[0:03:51.9] WS: No, that’s awesome. I just appreciate you sharing about just your path because I think it is the way many people get to into the syndication business or get into commercial real estate. They start with single family or duplexes or those things, even house hacking. You know, it’s interesting just your all’s desire to get into the business and doing whatever it takes, even finding a garage apartment that you know, worked for you all to make that happen. 

And then starting with some single family up to a 12 unit, you know I think you said but feeling stuck. You know let’s talk about that, I mean you felt stuck, you know, out of money and probably trying to figure out you know, “Well, how are we going to buy the next deal?” You know? Can you just talk about that a little bit? The thoughts there and how you did get to the next level, what was the breaking point that helped you to make it happen to move past that or to pivot from single family then you know, if that was the time that that happened? 

[0:04:39.6] ZQ: Sure and yeah, so a couple of things and I kind of touched on those limiting beliefs at the time is so that 28 units was all just my wife and I. You know, she was a teacher. I had a decent W2 jobs and we were good savers and basically we were just plowing anything and everything we could to keep growing but again obviously, you know you kind of run out of your own money at a certain point and so — a couple of shifts in that after we had brought our first storage facility — 

You know, commercial real estate is not cheap that we wanted to keep growing and in order to do that, you know you have to be open to partners whether that be strategic partners, financial partners, all of the above. And so, that’s one of the ways that have obviously helped us grow is you know, someone who wants to be involved that may not have the time or skillset to do so but maybe have some money lying around to do so but so that, it was a big part of it and also just not limiting ourselves.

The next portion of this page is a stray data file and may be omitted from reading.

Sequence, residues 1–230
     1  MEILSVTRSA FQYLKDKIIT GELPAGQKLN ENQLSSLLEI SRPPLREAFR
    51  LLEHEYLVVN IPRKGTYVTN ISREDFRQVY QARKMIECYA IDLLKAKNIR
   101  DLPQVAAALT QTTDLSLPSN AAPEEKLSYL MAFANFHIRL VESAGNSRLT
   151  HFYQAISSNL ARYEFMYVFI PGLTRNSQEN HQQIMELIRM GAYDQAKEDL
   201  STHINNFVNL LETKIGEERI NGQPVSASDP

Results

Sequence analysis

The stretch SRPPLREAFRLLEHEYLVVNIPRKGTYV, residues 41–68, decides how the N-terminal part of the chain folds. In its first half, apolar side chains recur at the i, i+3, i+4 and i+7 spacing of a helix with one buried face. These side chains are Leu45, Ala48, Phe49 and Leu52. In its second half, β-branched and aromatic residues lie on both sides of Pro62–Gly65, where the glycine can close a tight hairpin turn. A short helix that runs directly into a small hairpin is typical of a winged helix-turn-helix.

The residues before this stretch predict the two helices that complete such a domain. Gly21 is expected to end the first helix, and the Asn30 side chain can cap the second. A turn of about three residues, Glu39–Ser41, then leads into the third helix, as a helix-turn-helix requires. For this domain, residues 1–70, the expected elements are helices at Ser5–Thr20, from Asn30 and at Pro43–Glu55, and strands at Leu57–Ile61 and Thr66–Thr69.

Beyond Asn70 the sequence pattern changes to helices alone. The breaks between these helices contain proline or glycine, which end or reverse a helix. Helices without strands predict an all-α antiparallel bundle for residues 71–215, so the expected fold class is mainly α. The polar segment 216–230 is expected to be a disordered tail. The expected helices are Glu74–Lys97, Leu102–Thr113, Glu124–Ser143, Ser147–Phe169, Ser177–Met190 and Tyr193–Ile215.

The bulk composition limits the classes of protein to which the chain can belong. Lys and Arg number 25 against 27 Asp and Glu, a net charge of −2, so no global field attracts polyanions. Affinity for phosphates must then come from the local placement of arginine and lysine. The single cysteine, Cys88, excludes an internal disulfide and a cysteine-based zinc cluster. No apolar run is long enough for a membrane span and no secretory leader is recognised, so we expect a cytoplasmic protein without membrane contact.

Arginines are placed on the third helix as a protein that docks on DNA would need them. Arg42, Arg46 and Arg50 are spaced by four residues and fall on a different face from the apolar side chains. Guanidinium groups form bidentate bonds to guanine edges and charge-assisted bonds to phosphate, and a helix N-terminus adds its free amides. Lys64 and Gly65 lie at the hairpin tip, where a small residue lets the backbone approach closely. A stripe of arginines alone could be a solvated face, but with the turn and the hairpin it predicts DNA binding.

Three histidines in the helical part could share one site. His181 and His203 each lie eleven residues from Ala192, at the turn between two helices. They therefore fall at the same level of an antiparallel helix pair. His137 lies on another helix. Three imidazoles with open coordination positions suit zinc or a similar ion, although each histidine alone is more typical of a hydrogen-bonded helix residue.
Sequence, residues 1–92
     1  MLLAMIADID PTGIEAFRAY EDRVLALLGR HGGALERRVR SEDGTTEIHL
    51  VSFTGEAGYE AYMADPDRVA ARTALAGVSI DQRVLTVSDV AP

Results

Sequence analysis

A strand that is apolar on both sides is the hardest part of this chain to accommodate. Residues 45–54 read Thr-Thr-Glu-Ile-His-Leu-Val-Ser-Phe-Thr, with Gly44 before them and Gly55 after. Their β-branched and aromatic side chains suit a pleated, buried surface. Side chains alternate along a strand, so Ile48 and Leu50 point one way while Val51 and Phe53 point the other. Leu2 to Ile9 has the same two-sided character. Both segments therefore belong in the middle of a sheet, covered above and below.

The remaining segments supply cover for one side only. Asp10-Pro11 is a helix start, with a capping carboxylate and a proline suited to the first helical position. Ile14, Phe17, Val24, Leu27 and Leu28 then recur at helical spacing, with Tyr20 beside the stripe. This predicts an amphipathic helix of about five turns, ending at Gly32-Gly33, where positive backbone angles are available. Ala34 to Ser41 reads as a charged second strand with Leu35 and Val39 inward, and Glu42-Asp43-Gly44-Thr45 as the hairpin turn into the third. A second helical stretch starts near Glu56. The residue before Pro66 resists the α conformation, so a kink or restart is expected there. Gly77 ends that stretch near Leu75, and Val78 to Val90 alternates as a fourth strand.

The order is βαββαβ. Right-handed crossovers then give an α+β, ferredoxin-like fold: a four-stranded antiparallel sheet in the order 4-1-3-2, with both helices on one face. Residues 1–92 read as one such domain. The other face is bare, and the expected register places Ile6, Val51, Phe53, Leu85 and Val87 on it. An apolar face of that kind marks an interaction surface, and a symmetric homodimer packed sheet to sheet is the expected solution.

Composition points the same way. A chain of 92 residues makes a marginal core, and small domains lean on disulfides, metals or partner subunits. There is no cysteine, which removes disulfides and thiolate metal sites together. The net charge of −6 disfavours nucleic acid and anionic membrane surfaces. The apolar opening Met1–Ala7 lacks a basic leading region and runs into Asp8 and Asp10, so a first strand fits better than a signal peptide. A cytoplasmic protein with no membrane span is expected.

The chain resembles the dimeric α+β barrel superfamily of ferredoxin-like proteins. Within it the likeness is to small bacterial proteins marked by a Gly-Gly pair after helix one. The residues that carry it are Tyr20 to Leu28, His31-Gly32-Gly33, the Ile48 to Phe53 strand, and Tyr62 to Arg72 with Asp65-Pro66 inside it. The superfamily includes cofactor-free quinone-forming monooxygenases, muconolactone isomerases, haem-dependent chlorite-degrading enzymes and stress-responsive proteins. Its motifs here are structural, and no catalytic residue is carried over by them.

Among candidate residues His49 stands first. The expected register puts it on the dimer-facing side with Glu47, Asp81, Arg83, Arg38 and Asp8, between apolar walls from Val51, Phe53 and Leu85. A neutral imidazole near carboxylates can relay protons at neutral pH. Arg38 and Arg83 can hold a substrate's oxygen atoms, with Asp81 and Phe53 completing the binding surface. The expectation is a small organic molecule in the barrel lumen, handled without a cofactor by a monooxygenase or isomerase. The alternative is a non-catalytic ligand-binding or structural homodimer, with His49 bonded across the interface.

I think that you know, I had this idea of it being such like a linear process. I kind of mentioned like selling that 12 unit and then that will naturally go into like a 20 or 30 unit or something along those lines, where, you know, even then I would – there were times where like maybe a deal would be slightly bigger than I was comfortable with and I would just kind of turn away from it. 

Whereas now, I’ve come to realize and obviously it is an ongoing process too. But now, you know if a deal is bigger than me, so to speak, like it doesn’t mean anything. There is plenty of pieces of the pie to go around, so to speak, and that doesn’t mean that there are other people that wouldn’t be willing to help you do those things. So hopefully that answers I guess partially some of the beliefs that we were stuck on. 

[0:06:21.6] WS: Yeah, for sure. No doubt about it. I think all of us have limiting beliefs all the time, you know especially in the beginning. You just cannot see yourself doing something bigger than that single family home or that duplex. It is really hard to get past that, it was for me and I even had people that I had trusted who were amazing entrepreneurs, you know that would say, “Now, wait a minute Whitney, you know most people start with more single family home. And most people don’t typically jump into the syndication business that fast and without years of single family experience or things like that.”